In the beginning, there were Julie and Eric, a docile Alabama dancer and a buff New Jersey thug aspiring to be a model. The television gods at Bunim-Murray Productions plucked them from obscurity, set them up in a spacious (but austere by later seasons’ standards) New York loft and proclaimed that their sappy country-mouse and city-mouse chemistry was good.
The producers blessed the couple by tossing five other strangers into their groundbreaking, TV-verit? fishbowl, pumped up the hip-hop soundtrack and proclaimed themselves the creators of a new world: The Real World – New York.
New York begat a slew of bastard casts, each living it up in stylish cities around the country, brawling, bickering and bemoaning before the omnipresent cameras in their very important lives. Yet even as the cast members whimpered though their seasons, warping into jaded shadows of their formerly feisty selves, the fans, at least, were fruitful and multiplied.
This is the true story of the MTV docu-soap fans say they love to loathe. They watch it religiously, critique it to minutia, decide it’s all absolutely ridiculous and beg for more.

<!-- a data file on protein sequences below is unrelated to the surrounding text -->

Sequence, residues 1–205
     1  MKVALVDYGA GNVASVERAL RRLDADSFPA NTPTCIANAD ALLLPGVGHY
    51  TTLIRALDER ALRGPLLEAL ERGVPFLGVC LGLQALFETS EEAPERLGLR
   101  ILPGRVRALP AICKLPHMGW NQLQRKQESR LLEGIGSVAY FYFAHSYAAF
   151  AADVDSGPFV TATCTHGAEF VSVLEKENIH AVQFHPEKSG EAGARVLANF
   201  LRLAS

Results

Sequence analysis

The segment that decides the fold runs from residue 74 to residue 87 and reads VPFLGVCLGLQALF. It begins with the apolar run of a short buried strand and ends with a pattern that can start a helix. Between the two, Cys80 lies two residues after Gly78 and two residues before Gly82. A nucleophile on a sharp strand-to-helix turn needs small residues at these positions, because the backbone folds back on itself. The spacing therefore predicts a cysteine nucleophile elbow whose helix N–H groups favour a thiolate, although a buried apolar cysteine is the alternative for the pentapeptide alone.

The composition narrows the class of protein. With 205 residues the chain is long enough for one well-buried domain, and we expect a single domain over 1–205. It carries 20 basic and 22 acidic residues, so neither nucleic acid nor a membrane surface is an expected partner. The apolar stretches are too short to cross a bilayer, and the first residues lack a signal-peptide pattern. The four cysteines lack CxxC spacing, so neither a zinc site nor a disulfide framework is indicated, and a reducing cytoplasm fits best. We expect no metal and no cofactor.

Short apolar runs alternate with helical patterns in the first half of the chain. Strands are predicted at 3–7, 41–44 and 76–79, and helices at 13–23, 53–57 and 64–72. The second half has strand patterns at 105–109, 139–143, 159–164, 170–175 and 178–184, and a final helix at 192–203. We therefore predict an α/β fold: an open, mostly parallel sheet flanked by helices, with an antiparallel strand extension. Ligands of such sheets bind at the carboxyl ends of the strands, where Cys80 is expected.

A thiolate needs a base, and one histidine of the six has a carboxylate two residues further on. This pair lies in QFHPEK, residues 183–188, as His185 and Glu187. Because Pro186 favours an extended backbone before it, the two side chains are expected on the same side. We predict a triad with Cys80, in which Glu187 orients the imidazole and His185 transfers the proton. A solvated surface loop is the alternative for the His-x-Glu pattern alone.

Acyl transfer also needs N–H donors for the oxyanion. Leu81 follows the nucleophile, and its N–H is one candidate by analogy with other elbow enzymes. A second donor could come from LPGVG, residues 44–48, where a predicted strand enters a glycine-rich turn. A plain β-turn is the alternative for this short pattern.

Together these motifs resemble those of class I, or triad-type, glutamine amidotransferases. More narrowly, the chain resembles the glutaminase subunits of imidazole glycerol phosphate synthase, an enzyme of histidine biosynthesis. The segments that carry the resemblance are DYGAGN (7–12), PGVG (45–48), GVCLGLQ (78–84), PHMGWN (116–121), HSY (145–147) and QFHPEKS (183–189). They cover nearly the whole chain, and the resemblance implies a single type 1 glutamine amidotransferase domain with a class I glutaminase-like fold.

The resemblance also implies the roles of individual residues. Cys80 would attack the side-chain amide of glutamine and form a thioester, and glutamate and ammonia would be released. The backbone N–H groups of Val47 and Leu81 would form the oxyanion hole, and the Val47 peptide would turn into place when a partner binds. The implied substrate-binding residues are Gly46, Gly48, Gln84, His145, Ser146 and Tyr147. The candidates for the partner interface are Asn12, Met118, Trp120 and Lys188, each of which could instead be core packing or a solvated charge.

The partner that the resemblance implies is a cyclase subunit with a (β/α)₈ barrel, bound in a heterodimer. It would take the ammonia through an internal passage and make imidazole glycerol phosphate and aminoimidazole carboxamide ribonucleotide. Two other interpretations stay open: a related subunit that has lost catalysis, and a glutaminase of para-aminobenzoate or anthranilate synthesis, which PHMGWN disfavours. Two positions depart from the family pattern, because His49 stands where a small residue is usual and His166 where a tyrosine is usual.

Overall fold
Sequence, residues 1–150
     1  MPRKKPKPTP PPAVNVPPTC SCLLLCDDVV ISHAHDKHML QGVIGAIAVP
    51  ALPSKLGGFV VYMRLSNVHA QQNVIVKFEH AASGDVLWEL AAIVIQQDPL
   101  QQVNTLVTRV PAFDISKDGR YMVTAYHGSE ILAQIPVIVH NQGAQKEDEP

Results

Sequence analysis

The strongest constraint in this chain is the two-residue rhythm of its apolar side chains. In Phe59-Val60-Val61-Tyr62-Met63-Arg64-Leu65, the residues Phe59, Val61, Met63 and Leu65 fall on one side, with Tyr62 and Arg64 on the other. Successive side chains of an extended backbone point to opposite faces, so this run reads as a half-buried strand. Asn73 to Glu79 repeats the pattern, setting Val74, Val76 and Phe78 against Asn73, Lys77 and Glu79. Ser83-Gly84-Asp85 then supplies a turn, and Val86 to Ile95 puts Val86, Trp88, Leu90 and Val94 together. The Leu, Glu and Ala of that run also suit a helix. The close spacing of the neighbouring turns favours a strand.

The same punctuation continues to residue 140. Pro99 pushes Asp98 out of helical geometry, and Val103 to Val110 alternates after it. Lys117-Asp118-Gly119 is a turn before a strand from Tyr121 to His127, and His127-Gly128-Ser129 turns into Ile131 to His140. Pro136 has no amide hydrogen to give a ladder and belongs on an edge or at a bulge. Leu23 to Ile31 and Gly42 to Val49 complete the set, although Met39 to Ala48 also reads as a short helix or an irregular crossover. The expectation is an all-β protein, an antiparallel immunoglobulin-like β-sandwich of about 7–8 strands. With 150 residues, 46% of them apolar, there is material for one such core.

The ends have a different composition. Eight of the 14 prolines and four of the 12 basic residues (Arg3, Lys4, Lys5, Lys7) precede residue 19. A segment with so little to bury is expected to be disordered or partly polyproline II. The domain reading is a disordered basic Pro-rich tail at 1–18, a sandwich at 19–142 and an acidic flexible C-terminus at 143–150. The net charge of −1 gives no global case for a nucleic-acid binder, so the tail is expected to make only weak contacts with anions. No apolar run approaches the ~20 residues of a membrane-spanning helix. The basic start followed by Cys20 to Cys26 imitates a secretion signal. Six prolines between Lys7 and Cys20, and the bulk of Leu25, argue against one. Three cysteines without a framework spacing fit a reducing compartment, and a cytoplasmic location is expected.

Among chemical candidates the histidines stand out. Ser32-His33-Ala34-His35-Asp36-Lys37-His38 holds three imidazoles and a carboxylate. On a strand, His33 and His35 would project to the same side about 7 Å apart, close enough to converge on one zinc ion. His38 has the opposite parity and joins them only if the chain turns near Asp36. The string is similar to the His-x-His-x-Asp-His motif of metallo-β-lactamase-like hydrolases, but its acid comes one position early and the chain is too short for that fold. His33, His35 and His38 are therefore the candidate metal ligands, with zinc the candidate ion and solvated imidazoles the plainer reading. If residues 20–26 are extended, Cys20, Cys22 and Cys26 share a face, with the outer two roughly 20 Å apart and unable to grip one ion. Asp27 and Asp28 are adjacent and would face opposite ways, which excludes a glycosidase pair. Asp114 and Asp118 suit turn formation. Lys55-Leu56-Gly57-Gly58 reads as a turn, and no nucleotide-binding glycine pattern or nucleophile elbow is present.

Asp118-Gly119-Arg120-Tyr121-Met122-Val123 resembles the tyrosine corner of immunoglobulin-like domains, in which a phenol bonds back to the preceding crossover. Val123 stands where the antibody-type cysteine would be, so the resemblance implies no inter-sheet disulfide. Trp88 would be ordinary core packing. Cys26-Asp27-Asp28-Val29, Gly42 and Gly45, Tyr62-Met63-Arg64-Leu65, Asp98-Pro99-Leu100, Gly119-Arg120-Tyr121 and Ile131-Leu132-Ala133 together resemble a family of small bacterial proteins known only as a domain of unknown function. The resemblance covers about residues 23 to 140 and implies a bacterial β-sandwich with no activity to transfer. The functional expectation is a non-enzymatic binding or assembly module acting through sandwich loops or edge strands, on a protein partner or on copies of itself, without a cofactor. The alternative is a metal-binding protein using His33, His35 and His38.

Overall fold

I can say I’m an addict, sophomore Ariel Gibbons said. I can acknowledge it’s bad for me.
Despite its often mind-numbing content, or perhaps because of it, she said the show always entertains. In the past eight seasons, there have been love triangles, messy secrets, one death and too much bawling to mention. But what many fans say they long for are the inter-character hissy-fits-turned-blow-outs for which the show is famous. Long before Jerry Springer, it was The Real World that made screaming matches a valid form of interpersonal contact – or at least on television.
There is a danger, says Gibbons. People might start to believe things really are this way in the world.
Whether the show represents even a small reflection of today’s young adults is its own debate. The cast members, selected from thousands of hopefuls every year, tend to be hyper-eccentric, stereotypical or just plain beautiful. Few appear to have much direction in their lives beyond achieving the neo-American dream, fame and fortune for free (at the expense of MTV).
The characters’ self-induced drama make or break the show, now MTV’s highest-rated series. The most successful seasons, like the recent one in Hawaii, presented more than their share of bad behavior. The eighth cast’s island antics included an alcohol-induced near-death and the first on-screen coupling between characters in the show’s history.
I just like to see what will happen next with these people, sophomore Vikram Bakhru said. When the season was over, I was really sad. Even if it’s manipulated, there is still something real about it.